Breathing is life. Bringing people back from the brink or resuscitation starts with the airway and breathing. You can have three hearts and a hundred kidneys, but they’re no use if you can’t breathe. Professor Martin Anthony Birchall, renowned otolaryngologist, tells us more about subglottic and tracheal stenosis, a very rare condition that can prevent airflow to the lungs, making it hard to breathe.
We breathe through our voice box (larynx) and windpipe, and then down to our lungs. We all know people who have asthma and other lung problems, but these do not choke off airflow. Fortunately, closing down of the larynx and trachea (circular tightening, called stenosis) is really rare.
Unfortunately, it’s really rare. This means that people don’t know about it and doctors don’t diagnose it, often for years. If you see a bird in the garden (in Britain anyway) odds are it’s a sparrow or a pigeon, not a toucan. GPs, unavoidably, commonly diagnose and treat common things.
How then, can I know if I have airway stenosis?
There are some simple tests that can differentiate between asthma and airway stenosis: lung function tests that say that there is something wrong high up and not low down. When breathing isn’t responding to simple treatments, lung function tests (specifically something called a flow-volume loop) will tell you whether laryngeal or tracheal stenosis is a possibility and then patients can be referred to the right specialists.
What causes airway stenosis in adults?
There are three main causes of airway stenosis in adults. The first is trauma: damage from the tubes used to ventilate people under anaesthesia, especially if they have to be inserted quickly in emergencies or if they have to be left in for a long time in an intensive care unit. Damage can also occur if there has been a breathing hole called a tracheostomy created in the neck. This condition usually responds to minimally invasive methods using endoscopes. Occasionally, treatment requires a short section of the windpipe to be removed. Mostly, these treatments are curative.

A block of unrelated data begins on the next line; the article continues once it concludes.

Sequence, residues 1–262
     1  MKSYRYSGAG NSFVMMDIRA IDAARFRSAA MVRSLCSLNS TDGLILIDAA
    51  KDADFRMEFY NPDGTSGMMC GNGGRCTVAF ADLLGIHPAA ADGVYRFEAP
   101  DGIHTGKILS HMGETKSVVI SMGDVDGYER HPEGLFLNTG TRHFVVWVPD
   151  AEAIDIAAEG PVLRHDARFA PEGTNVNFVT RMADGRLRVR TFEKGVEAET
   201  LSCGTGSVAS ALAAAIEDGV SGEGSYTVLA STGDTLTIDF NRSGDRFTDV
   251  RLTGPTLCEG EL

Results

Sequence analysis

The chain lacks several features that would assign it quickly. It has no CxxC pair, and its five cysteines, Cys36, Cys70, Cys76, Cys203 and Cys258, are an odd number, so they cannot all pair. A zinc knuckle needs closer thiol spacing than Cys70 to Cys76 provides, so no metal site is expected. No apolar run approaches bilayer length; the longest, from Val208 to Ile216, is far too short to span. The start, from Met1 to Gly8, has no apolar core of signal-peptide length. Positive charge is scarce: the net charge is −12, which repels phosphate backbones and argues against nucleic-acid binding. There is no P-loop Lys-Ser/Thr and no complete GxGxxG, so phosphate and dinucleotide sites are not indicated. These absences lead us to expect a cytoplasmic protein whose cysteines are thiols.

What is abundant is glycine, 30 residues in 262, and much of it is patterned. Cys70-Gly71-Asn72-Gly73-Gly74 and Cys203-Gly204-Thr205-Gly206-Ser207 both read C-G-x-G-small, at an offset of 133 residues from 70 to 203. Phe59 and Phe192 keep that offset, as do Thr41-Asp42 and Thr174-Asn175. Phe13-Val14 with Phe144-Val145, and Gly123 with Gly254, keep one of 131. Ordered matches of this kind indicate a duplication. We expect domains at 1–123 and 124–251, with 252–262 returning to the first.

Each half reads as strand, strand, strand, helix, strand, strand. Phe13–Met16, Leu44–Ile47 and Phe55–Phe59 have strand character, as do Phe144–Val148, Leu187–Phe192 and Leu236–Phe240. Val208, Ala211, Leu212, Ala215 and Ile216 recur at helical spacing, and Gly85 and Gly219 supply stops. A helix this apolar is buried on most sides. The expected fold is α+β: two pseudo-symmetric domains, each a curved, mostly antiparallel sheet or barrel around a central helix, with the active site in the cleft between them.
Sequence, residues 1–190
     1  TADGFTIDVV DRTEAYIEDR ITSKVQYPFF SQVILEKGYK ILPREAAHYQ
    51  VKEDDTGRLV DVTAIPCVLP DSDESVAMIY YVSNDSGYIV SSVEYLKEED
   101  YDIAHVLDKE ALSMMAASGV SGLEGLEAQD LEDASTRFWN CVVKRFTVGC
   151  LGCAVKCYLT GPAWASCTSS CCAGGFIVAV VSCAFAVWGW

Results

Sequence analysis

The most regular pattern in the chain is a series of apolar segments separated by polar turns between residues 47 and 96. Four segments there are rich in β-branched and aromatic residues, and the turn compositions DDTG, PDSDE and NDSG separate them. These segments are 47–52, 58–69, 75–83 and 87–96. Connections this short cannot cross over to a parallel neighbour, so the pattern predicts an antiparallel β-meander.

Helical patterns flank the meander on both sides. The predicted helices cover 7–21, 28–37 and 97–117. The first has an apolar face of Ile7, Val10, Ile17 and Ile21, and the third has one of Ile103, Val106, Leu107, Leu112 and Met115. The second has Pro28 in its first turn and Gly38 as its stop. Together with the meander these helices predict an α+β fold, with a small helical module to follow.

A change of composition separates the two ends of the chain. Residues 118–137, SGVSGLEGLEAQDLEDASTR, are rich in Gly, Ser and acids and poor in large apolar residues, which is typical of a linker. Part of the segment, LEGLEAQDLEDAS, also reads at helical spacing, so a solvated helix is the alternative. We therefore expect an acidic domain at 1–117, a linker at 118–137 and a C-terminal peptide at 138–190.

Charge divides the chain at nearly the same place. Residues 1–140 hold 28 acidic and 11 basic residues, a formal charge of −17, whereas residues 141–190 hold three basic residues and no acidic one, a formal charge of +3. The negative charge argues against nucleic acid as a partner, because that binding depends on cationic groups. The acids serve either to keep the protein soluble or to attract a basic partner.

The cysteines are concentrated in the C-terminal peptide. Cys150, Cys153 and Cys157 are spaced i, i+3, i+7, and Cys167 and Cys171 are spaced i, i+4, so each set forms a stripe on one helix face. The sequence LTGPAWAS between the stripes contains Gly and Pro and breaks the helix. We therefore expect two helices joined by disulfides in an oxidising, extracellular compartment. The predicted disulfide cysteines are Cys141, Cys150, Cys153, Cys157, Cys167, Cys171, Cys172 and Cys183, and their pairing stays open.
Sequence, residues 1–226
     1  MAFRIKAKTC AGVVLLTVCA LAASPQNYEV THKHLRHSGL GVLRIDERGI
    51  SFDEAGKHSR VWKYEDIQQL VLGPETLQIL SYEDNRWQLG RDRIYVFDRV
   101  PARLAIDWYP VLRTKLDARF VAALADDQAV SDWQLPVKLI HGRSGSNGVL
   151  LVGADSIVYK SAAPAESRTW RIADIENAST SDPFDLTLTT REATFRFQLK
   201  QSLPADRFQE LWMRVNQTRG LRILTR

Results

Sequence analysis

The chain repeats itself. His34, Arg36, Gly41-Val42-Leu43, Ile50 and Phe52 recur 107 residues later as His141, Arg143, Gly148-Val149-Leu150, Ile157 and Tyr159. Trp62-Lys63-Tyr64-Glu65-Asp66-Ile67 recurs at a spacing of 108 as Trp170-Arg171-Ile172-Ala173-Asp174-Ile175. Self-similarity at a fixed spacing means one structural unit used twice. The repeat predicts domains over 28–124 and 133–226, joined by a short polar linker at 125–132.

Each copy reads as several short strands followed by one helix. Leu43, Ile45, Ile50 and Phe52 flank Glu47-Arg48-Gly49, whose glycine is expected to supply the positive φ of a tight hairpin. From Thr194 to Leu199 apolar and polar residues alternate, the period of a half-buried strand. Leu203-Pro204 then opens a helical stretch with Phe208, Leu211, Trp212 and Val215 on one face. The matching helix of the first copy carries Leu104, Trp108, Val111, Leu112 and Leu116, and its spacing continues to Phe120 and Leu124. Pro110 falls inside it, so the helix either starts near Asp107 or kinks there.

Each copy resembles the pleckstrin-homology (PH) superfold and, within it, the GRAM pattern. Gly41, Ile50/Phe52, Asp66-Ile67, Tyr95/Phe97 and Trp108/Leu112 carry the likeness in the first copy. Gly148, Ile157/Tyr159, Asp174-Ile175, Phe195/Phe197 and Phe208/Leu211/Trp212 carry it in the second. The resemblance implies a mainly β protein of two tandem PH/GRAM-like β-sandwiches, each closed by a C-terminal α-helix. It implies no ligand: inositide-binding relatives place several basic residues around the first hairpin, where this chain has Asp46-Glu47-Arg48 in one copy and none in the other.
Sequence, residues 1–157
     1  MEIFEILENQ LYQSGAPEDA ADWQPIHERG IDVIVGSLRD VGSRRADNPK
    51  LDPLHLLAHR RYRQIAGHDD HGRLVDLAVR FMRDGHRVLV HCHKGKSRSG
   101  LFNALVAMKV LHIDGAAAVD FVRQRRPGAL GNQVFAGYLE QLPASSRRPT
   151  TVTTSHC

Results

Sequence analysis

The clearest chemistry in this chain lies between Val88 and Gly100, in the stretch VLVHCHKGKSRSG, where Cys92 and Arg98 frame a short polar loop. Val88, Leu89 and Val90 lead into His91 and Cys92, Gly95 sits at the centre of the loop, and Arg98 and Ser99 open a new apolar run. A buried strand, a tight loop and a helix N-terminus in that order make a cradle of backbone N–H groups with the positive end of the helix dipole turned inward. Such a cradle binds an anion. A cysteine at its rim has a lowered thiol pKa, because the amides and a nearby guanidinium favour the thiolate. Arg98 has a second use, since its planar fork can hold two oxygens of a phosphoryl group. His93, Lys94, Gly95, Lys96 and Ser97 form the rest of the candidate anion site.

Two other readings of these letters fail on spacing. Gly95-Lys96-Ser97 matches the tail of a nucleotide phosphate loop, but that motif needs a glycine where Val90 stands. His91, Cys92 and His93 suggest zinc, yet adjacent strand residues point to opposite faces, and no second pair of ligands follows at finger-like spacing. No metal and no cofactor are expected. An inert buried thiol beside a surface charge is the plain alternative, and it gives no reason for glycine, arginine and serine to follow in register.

Idiopathic subglottic stenosis, with no known cause
The second condition is called “idiopathic subglottic stenosis” (ISGS). “Idiopathic” means that doctors don’t know what causes it. There are quite a lot of diseases like this, but doctors as a group are often reluctant to admit it. “Subglottic” means that part of the windpipe immediately below the vocal cords (another name for the cords is “glottis”, hence the name).
We now know that almost 100% of the time, idiopathic subglottic stenosis occurs in young or middle-aged women of northern European descent, so it must have a genetic origin, even if it does not seem to be passed down directly from mother to daughter. It sometimes starts to cause problems around the time of pregnancy or childbirth, but since these are women of child-bearing age this could just be a co-incidence.
ISGS is also reasonably straightforward to treat in most cases, but sadly tends to keep coming back around once a year or so for many years, sometimes until menopause, so there may be a hormonal component to it too. However, coming into hospital for a day-case endoscopy once a year is pretty tolerable for most women. Soon we may get to the real genetic-hormonal cause and develop a proper medical cure.
Much more rarely, airway stenosis is due to rare diseases associated with inflammation of the airways. For that reason, even if it is thought that the cause is ISGS or trauma, tests need to be carried out to rule out other diseases. Some cases can be treated with steroids and other medication.
Adult subglottic and tracheal stenosis are manageable conditions in the hands of specialist airway surgeons (ENT or thoracic) who are continually working on ways to improve treatment. However, big gains would be made if all doctors were educated to look for the signs and do the tests. Many months and years of struggling with “failed asthma treatment” could be avoided.
If you’d like to know more about subglottic and tracheal stenosis, or you are having trouble with your breathing, get in touch with Professor Martin Anthony Birchall.